Watson handles mother's illness with maturity and poise

by - Senior Writer -
Deshaun Watson with his mother Deann. (Courtesy of Watson)

Early in 2012, Deshaun Watson Deshaun Watson
6-3, 190
Gainesville, GA

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felt like he had the world at his feet. The 2014 Clemson quarterback commitment out of Gainesville, Ga., was enjoying the life of a high school teenager with the added bonus of having college recruiters clamoring for his attention.

He was the quarterback on the school football team, played on the basketball team and juggled homework and calls from college recruiters, all while enjoying a strong family support network that kept him grounded.

And then, in the blink of an eye, it all changed.

Watson was enjoying his sophomore basketball season and things were rolling right along when his mother, Deann, sat Deshaun down to deliver the news that she had cancer. Specifically, cancer of the tongue, and he knew right then that as the man of the house – he has three younger siblings – that the weight of the world was on his young shoulders.

“I actually found out during basketball season. She had the cancer before that, but she didn’t want to tell me because she wanted me to focus on school,” Watson told TigerNet last week. “But then she told me, and it just kind of hit me, all at once. I did a lot of research and talked to a lot of people. But the big thing was, I wanted to know if it was a death cancer. That’s what scared me. She told me it wasn’t, and that was a big weight off my shoulders. She told me to stay strong, and she told me that she was going to get better soon. “

The news of the cancer was followed by a trip to Emory Hospital in Atlanta, where she would undergo a 12-hour surgery and myriad treatments in an effort to get better. A further downside was that Deanna had to be away from her children for six months.

“She went through a 12-hour surgery at Emory in Atlanta, and then she went through chemo and radiation and all of the cancer stuff,” Watson said. “Right now, she is cancer free. But they took out her whole tongue, and used parts of her body to rebuild her new tongue. So she is back healthy again and trying to get better.”

In the meantime, Deshaun dealt with his high-profile recruitment and tried his best to stay away from the negative message boards and comments of fans, instead concentrating on honing his skill and keeping in contact with his mother.

The hardest part came last football season, when Deann had to miss his football games as she recovered in Atlanta. He looked up in the stands where his mother usually sat, only to see an empty space. But she was never far from his thoughts.

“She told me to stay strong,” he said. “She was in the hospital for six months in Atlanta, and every day during football season she would text me she would be listening on the radio. She told me to not worry about her - that she was doing fine. She told me to just go out and relax and have fun. I know that I am one blessed young man and everything I do, I do for her. It was very hard. A lot of things were going through my mind. You just have to have great support around you. My entire community, they found out about it and they supported me.”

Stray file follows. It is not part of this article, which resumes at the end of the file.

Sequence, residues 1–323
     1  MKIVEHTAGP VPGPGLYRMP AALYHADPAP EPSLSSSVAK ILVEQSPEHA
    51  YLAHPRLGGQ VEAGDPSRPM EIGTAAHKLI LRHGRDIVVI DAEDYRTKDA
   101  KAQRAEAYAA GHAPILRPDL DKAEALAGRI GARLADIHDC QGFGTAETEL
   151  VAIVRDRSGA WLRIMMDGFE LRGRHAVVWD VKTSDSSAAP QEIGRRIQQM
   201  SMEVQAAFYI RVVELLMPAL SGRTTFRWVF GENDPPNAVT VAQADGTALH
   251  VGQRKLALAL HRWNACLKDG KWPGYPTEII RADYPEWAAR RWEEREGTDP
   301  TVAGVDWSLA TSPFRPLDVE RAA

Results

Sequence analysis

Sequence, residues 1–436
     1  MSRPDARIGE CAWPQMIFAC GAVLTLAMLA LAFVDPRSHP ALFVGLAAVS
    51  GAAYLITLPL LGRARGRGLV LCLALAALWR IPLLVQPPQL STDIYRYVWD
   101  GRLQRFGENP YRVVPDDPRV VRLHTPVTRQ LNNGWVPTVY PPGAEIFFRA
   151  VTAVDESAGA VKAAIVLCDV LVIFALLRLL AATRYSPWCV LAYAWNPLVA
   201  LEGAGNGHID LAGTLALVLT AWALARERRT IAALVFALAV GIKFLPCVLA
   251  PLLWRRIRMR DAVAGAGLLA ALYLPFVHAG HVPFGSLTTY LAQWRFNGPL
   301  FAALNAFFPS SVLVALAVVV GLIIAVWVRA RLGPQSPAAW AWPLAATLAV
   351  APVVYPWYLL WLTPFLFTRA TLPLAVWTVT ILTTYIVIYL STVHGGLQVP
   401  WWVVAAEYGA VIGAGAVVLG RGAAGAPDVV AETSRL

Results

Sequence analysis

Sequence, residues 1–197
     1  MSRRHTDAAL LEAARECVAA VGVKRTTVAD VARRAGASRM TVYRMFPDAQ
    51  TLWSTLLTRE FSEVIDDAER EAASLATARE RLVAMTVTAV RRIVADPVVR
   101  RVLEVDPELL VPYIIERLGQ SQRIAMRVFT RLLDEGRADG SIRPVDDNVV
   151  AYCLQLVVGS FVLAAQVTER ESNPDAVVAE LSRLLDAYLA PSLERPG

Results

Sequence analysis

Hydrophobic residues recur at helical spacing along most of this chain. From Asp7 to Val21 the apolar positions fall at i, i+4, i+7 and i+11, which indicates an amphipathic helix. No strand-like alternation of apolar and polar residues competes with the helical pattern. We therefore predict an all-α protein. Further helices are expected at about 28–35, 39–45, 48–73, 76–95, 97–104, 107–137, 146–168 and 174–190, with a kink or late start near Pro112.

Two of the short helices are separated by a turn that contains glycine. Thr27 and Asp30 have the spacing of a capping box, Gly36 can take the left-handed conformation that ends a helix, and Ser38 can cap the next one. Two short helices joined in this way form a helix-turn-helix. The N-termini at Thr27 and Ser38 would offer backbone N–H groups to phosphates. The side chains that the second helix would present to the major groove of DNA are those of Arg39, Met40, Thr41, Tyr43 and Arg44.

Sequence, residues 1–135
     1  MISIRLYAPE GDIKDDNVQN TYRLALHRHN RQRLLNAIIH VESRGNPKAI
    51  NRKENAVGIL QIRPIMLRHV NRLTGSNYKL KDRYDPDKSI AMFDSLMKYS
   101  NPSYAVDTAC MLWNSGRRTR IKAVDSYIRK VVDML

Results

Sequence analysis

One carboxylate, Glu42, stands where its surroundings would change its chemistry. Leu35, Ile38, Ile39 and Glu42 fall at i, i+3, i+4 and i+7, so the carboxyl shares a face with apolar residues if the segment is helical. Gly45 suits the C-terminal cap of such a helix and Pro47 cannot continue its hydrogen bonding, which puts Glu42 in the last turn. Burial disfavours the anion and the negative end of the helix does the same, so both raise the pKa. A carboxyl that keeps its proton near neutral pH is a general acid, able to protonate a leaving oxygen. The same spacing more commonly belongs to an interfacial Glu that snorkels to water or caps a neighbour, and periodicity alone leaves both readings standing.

Lyn Marsh, who coaches the slot receivers at Gainesville, said that Deshaun benefitted from having a strong support network in the tight-knit community. He also had a certain maturity and poise that many teenagers lack.

“The biggest part of that was his mom was pushing him in the right direction. She told him that God would take care of it, and that Deshaun just had to do what he had to do,” Marsh said. “Deshaun has always been a very mature young man for his age. He handled it well, and he had good support from his family and it has always been a family deal. But he handled it better than most kids his age would have.”

Watson said his older brother and an aunt pitched in to help.

“I have an older brother who is 22, and he took care of us,” he said. “My aunt came down. I got support from coaches, and they told me not to worry, that God would take care of everything. That is what God did.”

He then said that he treats each day like it’s a miracle, and cherishes every moment he has with his mother.

“Words can’t even explain how it feels to see her well, and walking again. Now she can come to my games. She is here supporting us and keeping us healthy and living right.”

Watson said that every time he takes to the practice field, he does so with the mindset that maybe one day he can take care of his mother like he wants to.

“What she is going through right now drives me to have the opportunity to do that,” he said. “But I know I have to stay humble, get my skill work in and keep improving on the gridiron. If I can do that, I know it will work out and I will have the opportunity to do that. That is what I want to do. She means everything to me.”

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